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Security Leftovers

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Security
  • Critical Exim Flaw Opens Millions of Servers to Takeover [Ed: This repeats the FUD headline from ZDNet's Bleeping Computer hire; no server is known to have been compromised by this yet. They dramatise this.]

    A critical vulnerability found in Exim servers could enable a remote, unauthenticated attacker to execute arbitrary code with root privileges.

  • Google Fortifies Kubernetes Nodes Against Boot Attacks

    Google released a beta version of its Shielded GKE Nodes that prevents an attacker from exploiting vulnerable Kubernetes nodes.

  • Spoofing commits to repositories on GitHub

    The situation that worries me relates to distribution packaging. Debian has a policy that deltas to packages in the stable repository should be as small as possible, targetting fixes by backporting patches from newer releases.

    If you get a bug report on your Debian package with a link to a commit on GitHub, you had better double check that this commit really did come from the upstream author and hasn’t been spoofed in this way. Even if it shows it was authored by the upstream’s GitHub account or email address, this still isn’t proof because this is easily spoofed in git too.

    The best defence against being caught out by this is probably signed commits, but if the upstream is not doing that, you can clone the repository from GitHub and check to see that the commit is on a branch that exists in the upstream repository. If the commit is in another fork, the upstream repo won’t have a ref for a branch that contains that commit.

  • For real this time, get your butt off Python 2: No updates, no nothing after 1 January 2020 [Ed: When Microsoft Tim says "according to Redmonk" he means mostly according to Microsoft (because Redmonk relies on proprietary GitHub for data)]

    Python 2 will sunset on January 1st 2020 – however, many applications have not yet upgraded to version 3, causing the coding lingo's team to mount a communications campaign to persuade devs to port their code.

    Python is the third most popular programming language after JavaScript and Java, according to Redmonk. Its use has been boosted by the strong interest in machine learning, for which Python is well suited, thanks in part to its various AI-related libraries and frameworks.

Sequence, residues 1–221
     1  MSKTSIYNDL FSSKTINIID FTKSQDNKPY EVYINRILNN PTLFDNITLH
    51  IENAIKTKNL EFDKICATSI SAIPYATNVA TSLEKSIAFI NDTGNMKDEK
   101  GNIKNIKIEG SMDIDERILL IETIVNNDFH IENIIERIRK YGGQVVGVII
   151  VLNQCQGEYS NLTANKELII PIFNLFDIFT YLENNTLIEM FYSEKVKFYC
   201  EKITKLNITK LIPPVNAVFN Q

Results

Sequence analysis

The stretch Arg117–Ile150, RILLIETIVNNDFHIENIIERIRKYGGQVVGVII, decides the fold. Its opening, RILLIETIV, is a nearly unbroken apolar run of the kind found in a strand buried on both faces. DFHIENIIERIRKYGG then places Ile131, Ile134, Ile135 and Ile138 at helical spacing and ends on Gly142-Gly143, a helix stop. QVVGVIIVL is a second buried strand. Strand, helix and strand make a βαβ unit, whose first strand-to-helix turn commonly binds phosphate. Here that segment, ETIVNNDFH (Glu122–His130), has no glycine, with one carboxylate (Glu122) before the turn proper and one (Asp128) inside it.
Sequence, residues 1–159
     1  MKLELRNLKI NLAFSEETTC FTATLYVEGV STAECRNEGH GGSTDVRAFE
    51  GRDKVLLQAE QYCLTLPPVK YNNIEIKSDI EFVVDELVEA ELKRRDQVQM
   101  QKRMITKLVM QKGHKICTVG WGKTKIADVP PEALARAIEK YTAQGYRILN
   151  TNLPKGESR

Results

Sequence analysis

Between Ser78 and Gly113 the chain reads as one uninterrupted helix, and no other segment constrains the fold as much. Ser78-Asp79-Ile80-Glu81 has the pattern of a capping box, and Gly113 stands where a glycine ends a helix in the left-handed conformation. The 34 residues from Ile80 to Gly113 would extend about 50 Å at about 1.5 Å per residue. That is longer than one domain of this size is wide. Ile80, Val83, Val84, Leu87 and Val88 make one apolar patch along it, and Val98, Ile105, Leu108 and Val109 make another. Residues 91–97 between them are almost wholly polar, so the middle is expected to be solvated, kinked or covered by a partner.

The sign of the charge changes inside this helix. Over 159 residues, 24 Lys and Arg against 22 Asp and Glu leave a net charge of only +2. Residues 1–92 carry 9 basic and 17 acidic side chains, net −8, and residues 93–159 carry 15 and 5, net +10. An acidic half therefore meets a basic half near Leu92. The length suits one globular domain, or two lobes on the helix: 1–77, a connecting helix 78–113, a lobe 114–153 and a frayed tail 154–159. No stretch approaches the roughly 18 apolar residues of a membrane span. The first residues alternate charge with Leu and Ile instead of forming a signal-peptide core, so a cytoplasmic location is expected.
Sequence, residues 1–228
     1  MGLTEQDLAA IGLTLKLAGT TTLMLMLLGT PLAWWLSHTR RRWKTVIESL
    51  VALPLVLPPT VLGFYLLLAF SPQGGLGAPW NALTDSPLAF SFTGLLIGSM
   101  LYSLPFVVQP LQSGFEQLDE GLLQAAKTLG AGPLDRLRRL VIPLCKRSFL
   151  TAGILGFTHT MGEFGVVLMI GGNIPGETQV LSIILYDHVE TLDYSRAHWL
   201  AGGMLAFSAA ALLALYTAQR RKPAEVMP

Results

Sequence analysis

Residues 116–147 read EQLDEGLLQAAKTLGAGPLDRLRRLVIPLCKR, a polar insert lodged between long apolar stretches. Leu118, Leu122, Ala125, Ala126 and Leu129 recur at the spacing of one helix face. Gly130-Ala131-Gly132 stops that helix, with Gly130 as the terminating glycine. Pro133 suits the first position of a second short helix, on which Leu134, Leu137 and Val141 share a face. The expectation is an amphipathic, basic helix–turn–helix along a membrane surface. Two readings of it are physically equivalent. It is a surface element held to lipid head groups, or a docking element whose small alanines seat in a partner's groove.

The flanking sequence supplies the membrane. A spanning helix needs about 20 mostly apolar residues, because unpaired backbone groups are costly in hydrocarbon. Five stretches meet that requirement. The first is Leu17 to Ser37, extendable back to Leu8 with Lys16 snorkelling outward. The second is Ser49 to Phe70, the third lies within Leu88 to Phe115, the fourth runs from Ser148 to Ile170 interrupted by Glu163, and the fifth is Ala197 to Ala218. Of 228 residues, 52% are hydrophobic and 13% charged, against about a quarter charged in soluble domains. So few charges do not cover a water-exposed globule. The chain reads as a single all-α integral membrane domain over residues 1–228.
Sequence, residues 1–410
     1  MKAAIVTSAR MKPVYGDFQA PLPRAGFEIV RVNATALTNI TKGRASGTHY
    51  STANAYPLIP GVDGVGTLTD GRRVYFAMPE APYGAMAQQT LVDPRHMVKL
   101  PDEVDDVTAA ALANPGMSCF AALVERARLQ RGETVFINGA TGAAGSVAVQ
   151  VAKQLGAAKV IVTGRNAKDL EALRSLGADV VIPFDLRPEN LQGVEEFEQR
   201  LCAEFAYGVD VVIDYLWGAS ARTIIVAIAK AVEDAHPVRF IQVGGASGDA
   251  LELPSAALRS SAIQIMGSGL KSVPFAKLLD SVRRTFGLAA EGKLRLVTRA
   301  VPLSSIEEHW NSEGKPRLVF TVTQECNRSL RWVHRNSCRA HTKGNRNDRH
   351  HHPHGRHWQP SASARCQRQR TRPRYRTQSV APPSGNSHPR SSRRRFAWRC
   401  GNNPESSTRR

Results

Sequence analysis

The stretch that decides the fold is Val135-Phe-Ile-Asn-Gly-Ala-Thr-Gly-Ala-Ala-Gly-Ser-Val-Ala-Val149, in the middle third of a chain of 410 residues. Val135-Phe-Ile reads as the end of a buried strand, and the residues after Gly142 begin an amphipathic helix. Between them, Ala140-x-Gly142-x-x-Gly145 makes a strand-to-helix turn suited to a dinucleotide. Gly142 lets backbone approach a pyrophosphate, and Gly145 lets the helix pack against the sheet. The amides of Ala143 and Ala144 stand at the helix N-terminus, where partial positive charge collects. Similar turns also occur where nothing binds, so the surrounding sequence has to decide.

Python 2.0 was released in 2000, and Python 3.0, which is not fully backwards compatible, in 2008. The last version of Python 2.x, 2.7, was released in July 2014.

More in Tux Machines

OpenZFS Could Soon See Much Better Deduplication Support

This is good news for OpenZFS performance assuming the dedup support is punctually opened up and is an acceptable state for quickly landing in this ZFS file-system code used by Linux with "ZFS On Linux" and in the process of by the likes of FreeBSD. The ZFS file-system has supported data deduplication for the past decade. However, it's not widely recommended due to being very heavy on RAM usage as well as relatively taxing on the CPU, so it will be interesting to see just how effective is the Panzura implementation. Read more

today's howtos and programming leftovers

Become A Linux Foundation Certified Sysadmin

The Linux Foundation is offering beginner sysadmin and advanced sysadmin training and certification bundle at more than 65% off. You have better career prospect as a certified Linux professional. Read more

Audiocasts/Shows: Linux in the Ham Shack and Linux Headlines

  • LHS Episode #302: The End of Kenwood

    Welcome to Episode 302 of Linux in the Ham Shack. In this short topic episode, the hosts discuss the potential end of Kenwood in the amateur radio market, emcom in Montucky, Storm Area 51, HF on satellites, a huge update for PulseAudio, the Linux 5.3 kernel and much more. Thank you for listening and have a fantastic week.

  • 09/19/2019 | Linux Headlines

    Fresh init system controversy at the Debian project, a more scalable Samba, and a big release for LLVM. Plus GitHub's latest security steps and a new version of OBS Studio.